It’s a similar ploy to what Apple did with the Mac mini, offering a reduced spec in order to reach a more attractive initial price while making more money from add ons. Pretty sneaky really.
The integration between iTunes and iPod is one of the things that makes Apple’s player so unique. However, it’s also one of the areas of frustration. iPods will only import music from one PC, and unfortunately it’s no different for photos. It’s understandable for music because of copyright reasons but I can’t see the logic for images. If you plug your iPod into another PC, you can transfer images over onto the disk but not via iTunes, which means that they won’t be viewable on the screen.
On its first launch the fact that iTunes was the only method of getting viewable imaages onto the iPod was a point of frustration for many users. Many people assumed that that you’d be able to transfer over pictures you’d taken on your digital camera and transfer them over when out and about. You could use the Belkin Media Reader accessory to transfer over pictures but you can’t then view the photos. You’d have to go back to your base PC and then re-import via iTunes. However, Apple has recently announced the iPod Camera Connector, which will finally deliver this functionality. Just plug your camera in and you’ll be able to transfer and view your photos – hallelujah.
One thing that iTunes doesn’t do is provide a database of your images, as it does for music. iTunes is great for organising and renaming your music, but it doesn’t let you do that with images, leaving you to do that in Windows or indeed, Mac OS. Instead you need to go into Preferences, where you can select which folders containing images. This option only appears though once you’ve plugged your iPod into your PC. This defaults to the My Pictures folder but you can point it anywhere you want. There’s also an option to copy from photos prepared in Adobe’s Photoshop Album application.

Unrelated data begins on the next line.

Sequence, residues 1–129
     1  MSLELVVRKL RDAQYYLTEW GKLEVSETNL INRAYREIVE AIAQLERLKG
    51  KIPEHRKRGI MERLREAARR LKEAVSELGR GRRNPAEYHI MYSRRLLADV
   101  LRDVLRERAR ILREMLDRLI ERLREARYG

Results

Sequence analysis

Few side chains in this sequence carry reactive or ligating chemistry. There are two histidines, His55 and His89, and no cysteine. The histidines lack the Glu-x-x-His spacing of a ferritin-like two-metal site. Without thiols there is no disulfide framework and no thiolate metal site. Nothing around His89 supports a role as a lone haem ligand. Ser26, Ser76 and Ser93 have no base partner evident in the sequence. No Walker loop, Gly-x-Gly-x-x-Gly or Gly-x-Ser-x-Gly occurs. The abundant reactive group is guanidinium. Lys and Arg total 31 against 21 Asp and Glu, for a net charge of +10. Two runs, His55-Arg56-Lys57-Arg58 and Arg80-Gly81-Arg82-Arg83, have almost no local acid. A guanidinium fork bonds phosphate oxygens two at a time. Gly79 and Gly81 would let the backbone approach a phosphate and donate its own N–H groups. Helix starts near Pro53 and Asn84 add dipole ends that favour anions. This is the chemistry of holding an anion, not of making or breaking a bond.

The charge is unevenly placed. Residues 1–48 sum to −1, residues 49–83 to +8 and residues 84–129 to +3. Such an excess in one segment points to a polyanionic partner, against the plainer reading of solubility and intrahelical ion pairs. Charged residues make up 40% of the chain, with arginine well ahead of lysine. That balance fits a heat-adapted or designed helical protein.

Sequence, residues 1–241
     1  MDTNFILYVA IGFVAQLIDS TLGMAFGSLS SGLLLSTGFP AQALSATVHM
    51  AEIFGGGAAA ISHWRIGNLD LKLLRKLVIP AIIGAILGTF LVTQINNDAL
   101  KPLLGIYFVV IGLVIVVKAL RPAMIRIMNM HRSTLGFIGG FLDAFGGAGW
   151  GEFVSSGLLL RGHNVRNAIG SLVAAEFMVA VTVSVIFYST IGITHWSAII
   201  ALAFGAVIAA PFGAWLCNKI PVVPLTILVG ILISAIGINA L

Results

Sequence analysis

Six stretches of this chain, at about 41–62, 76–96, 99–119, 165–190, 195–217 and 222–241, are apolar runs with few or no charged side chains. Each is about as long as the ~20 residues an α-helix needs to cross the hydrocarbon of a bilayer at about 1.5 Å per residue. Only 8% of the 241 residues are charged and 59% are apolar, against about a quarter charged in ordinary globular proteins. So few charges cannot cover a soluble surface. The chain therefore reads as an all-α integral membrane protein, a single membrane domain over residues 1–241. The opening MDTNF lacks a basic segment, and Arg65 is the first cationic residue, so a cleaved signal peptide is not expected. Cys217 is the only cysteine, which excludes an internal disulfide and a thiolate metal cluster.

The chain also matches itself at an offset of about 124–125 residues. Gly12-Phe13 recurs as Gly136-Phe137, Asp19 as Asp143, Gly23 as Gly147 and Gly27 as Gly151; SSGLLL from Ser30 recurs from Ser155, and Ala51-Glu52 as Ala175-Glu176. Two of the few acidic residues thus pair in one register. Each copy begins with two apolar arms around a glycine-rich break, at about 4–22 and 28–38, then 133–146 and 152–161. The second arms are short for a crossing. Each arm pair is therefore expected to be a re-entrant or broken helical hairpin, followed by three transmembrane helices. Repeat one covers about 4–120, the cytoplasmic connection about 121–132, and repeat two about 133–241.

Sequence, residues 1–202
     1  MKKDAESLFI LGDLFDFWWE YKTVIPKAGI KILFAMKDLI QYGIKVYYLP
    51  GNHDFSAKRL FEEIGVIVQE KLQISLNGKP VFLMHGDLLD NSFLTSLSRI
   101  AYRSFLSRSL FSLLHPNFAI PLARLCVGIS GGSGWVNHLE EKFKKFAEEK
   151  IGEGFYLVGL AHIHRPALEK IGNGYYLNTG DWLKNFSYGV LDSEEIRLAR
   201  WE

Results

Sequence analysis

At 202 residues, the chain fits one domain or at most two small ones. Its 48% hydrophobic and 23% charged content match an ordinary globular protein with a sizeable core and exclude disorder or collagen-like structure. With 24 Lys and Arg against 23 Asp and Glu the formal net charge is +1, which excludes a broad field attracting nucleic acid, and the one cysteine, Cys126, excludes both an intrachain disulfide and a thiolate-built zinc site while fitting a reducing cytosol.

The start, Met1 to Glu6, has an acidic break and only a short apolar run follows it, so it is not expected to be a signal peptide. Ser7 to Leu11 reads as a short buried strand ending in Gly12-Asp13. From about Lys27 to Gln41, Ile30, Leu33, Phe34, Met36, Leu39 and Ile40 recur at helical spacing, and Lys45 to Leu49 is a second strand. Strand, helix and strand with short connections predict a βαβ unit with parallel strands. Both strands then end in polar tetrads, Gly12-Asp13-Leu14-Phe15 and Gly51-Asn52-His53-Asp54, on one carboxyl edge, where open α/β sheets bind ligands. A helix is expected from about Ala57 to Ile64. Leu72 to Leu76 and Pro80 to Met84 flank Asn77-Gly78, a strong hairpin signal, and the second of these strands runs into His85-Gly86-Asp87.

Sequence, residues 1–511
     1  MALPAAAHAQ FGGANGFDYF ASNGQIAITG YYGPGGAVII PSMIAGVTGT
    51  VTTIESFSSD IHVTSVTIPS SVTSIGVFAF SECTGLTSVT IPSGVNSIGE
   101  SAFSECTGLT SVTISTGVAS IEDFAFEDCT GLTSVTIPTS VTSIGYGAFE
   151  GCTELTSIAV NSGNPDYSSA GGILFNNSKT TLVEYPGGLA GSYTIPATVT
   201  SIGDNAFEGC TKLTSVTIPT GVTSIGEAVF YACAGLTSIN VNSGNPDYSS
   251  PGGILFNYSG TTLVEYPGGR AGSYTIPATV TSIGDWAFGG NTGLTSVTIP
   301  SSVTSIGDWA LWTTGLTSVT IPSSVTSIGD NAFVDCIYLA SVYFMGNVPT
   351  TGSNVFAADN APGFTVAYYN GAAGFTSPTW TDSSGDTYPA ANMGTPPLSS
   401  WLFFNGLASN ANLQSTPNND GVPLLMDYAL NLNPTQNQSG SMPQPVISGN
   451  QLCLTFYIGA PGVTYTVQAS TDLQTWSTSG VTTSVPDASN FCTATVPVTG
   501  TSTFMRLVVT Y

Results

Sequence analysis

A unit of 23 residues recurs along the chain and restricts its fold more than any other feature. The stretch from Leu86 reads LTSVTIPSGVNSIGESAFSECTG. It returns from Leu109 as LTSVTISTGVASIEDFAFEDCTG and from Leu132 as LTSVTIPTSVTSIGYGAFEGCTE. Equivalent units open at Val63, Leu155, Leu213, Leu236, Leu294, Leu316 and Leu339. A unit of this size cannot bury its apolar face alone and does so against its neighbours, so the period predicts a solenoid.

What iTunes actually does is to take the full resolution pictures and optimise them for the 220 x 176 resolution screen. This involves resizing and recompressing them and it does a pretty great job at this, with dithering and compression artefacts noticeable only with close examination. However, I got the best results by doing this manually in Photoshop CS by cropping to that exact resolution. With the images from my own Canon Ixus 500, iTunes put thin black bars at the top and bottom to fit the whole image on the screen, whereas my manual crop fit the screen perfectly, though inevitably that entailed losing part of the image. Generally speaking though you’re not going to want to do this manually as it’s fiddly and time consuming.